You can make a simple, refreshing treat by adding ripe blueberries and strawberries, cold water and coconut milk, a few ice cubes and a touch of a natural, zero-calorie sweetener such as luo han guo or stevia into a blender. Process the ingredients until they’re thick and creamy, and enjoy! The coconut milk not only lends a tropical flavor profile to this frozen drink, but it’s fat content will further help blunt your blood sugar/insulin response.

Bok choy, also known as Chinese cabbage, is a fantastic and versatile vegetable that’s ideal for lower carbohydrate diets. In fact, it has a staggeringly low glycemic index of 0! It’s a wonderful source of fiber, vitamins C and K, and also contains a hefty amount of the heart health mineral potassium. The medical literature promotes this cruciferous family member as a way to increase vitamin A levels in children and as a natural chemoprotective substance in the fight against breast and prostate cancer. (8,9,10) Its effect on hormonal cancers appears to come from glucosinolates and indoles, a group of substances that seem to augment the processing of estrogens so that cancer growth is discouraged.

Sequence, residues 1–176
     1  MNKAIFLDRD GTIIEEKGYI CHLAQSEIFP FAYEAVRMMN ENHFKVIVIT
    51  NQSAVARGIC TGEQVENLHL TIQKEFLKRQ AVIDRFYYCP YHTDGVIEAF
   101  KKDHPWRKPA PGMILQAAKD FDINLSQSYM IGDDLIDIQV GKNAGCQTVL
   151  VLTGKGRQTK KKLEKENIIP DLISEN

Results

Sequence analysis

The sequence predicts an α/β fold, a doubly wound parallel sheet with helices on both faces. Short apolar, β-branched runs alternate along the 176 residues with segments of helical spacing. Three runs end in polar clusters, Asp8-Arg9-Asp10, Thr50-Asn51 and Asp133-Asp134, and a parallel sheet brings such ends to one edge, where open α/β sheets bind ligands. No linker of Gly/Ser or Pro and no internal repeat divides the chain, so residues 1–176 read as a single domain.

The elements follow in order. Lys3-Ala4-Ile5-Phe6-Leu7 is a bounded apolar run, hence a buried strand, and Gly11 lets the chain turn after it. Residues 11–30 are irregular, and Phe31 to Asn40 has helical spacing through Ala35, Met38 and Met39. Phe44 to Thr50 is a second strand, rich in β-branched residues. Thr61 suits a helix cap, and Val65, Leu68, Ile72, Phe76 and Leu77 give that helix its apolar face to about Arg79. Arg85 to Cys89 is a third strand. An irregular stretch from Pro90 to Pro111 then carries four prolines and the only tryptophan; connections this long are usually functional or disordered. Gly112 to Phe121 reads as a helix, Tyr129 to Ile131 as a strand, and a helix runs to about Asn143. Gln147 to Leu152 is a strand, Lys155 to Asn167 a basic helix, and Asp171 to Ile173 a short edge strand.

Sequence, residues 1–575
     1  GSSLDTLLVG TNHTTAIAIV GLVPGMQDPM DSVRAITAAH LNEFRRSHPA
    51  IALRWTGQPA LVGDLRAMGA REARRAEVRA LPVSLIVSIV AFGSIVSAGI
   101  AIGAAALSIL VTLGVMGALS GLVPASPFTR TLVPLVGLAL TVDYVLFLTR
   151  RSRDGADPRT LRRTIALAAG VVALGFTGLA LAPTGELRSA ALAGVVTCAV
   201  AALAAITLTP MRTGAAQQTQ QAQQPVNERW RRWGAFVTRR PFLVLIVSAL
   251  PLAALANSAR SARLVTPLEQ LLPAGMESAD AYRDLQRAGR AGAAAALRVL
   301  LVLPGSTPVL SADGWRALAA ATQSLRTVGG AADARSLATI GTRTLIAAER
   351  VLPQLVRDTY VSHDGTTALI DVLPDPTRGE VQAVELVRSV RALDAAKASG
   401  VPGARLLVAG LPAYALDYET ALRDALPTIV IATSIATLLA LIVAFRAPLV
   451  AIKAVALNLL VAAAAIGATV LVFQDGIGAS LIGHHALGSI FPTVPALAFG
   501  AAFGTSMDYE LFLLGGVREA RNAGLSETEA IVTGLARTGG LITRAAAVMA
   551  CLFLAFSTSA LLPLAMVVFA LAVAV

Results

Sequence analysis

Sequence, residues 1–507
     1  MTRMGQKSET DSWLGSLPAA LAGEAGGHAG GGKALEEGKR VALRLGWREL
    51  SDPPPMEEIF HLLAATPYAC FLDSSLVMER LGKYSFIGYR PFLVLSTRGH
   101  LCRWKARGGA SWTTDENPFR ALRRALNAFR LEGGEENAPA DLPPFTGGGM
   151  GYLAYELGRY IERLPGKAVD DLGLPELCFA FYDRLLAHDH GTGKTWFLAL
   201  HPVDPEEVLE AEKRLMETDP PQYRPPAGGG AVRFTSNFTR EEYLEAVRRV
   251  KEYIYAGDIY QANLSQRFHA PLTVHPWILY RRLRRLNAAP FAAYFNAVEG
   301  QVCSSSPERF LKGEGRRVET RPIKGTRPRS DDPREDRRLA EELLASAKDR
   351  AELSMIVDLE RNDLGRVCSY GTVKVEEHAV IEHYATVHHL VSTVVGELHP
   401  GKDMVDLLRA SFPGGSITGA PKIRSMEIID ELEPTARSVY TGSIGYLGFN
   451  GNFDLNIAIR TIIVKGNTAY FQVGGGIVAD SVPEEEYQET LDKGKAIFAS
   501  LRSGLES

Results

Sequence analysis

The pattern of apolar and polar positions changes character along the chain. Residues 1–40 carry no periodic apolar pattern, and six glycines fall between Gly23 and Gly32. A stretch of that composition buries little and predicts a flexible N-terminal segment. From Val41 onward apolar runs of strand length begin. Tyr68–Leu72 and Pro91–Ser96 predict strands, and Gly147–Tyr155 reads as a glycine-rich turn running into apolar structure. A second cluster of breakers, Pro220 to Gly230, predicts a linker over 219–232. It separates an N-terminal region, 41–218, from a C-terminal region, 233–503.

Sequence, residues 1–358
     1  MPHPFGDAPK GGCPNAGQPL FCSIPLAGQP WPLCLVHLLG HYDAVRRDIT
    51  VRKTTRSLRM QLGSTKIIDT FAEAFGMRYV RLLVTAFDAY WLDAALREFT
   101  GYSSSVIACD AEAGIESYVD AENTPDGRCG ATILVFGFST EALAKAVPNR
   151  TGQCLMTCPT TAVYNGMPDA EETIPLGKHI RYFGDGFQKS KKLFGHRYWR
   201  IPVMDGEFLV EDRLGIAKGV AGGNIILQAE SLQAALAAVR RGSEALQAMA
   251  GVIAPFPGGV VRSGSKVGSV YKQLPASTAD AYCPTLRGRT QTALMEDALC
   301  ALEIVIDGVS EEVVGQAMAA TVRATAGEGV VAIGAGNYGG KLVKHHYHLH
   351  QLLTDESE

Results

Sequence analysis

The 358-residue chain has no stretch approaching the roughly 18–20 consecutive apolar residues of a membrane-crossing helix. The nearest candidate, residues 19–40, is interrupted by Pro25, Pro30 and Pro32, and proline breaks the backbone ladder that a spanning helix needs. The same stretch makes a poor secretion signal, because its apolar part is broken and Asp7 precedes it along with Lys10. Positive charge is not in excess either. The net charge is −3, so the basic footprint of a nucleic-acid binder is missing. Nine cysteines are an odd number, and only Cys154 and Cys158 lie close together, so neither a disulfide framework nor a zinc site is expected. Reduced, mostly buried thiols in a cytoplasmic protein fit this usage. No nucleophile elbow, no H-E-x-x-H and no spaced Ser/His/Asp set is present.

This video demystifies how to easily and healthfully prepare this under-utilized vegetable. Adding garlic, ginger and red bell pepper (another low-GI/GL veggie) not only entices the taste buds, but also adds a considerable boost to the cardiovascular benefits of this dish.

The final stop in the produce aisle brings us to organic avocados. Avocados are often referred to as vegetables, but they’re actually a fruit. What makes this particular “berry” unique is the high concentration of monounsaturated fats it contains. Its high fiber content is ideal for promoting healthy blood sugar levels. But there so many other reasons to include this creamy delight into your regular diet. For instance, avocados are rich in phytosterols which can help lower LDL cholesterol, and they’re also a phenomenal source of potassium, which aids in the management of blood pressure. In the past few years, researchers have uncovered many other health concerns that appear to respond to avocado consumption, such as diabetes, ulcers and wound healing. (11,12,13)

A snack that we regularly have at our home couldn’t be simpler to make. We start by quartering a medium sized avocado and then wrap each piece with a slice of natural prosciutto. This recipe has a fresh taste that strikes a perfect balance between the smooth, neutral avocado meat and the salty goodness of the cured pork. I’ve personally found that snacks such as these really do wonders for managing my appetite between meals.